Last week, I focused on Botswana Vision 2016 pillar on ‘a compassionate, just and caring nation’. I related it to access to land (resources). I argued that social justice can only be achieved when people are informed. I sincerely commented that the Vision 2016 booklet is well-written theoretical-wise. But translating theory into practice is a mammoth task for the government.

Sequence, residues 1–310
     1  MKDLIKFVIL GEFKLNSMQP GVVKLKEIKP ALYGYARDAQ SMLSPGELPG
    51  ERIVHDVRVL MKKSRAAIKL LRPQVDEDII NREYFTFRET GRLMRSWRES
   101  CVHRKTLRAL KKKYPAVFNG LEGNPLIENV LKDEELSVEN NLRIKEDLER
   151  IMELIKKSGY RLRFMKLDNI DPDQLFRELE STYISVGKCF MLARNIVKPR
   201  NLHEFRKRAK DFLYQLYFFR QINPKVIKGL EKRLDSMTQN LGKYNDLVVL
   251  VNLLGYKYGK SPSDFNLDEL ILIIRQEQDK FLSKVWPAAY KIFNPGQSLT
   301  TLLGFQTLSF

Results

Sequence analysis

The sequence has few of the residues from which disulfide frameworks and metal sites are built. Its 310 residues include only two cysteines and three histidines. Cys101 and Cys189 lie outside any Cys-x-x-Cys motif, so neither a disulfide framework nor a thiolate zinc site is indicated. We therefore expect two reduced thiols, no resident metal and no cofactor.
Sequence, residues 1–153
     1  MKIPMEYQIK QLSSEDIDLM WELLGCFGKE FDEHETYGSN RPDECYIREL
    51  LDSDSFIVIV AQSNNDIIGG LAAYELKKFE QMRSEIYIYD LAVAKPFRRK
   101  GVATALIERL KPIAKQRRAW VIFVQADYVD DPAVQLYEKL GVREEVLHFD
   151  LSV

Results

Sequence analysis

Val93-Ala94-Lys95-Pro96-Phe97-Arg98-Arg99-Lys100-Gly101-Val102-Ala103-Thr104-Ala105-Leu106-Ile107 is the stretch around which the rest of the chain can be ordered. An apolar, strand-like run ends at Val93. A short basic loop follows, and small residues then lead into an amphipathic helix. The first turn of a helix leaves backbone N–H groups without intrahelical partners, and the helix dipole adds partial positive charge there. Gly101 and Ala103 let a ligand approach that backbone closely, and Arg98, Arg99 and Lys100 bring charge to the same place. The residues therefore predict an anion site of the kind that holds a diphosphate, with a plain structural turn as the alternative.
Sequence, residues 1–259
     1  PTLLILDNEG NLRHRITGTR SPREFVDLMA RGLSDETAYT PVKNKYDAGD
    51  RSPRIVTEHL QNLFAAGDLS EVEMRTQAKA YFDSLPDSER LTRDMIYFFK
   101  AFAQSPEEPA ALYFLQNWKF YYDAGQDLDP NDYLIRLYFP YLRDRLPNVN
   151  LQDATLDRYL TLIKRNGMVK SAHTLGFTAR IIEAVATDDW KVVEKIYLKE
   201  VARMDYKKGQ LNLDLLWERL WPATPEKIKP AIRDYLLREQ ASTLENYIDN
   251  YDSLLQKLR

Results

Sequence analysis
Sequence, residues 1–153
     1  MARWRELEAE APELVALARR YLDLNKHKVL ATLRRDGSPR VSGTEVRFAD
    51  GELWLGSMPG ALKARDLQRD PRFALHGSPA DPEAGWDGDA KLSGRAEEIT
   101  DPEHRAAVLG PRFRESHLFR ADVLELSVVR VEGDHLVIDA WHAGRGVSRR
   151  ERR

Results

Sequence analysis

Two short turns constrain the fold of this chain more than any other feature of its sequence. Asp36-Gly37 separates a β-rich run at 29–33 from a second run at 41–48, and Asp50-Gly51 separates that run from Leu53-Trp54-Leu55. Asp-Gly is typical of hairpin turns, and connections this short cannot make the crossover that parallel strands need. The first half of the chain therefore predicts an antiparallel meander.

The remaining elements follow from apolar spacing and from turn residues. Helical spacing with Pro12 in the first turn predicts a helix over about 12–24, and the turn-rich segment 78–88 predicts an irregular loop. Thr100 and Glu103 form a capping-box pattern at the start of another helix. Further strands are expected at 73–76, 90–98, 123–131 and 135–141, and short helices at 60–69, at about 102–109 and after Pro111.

This week, I focus on the pillar on ‘a united and proud nation’. I relate it to the politics of land (or access to natural resources). This pillar states that ‘By the year 2016, Botswana will be a united and proud nation, sharing common goals based on a common heritage, national pride and a desire for stability’. It continues: ‘This will be demonstrated by increased use of the flag and other national symbols that signify racial harmony’. The problem with Botswana leaders is that they simply think that ‘happiness’ and or a ‘proud nation’ can be ‘bought’ by symbols such as flags and national anthems. Do I need to fly the flag of Botswana to show the world that in Botswana we are proud and united? I am not sure about what is meant by ‘the increased’ usage of the flag and national symbols. Currently, there is a ‘campaign’ to hoist the national flag on top of ‘towers’ across the country. This is in preparation of the 50th anniversary of independence. Does this increase suggest ‘a united and proud nation’? If so, this is devoid of any reasoning.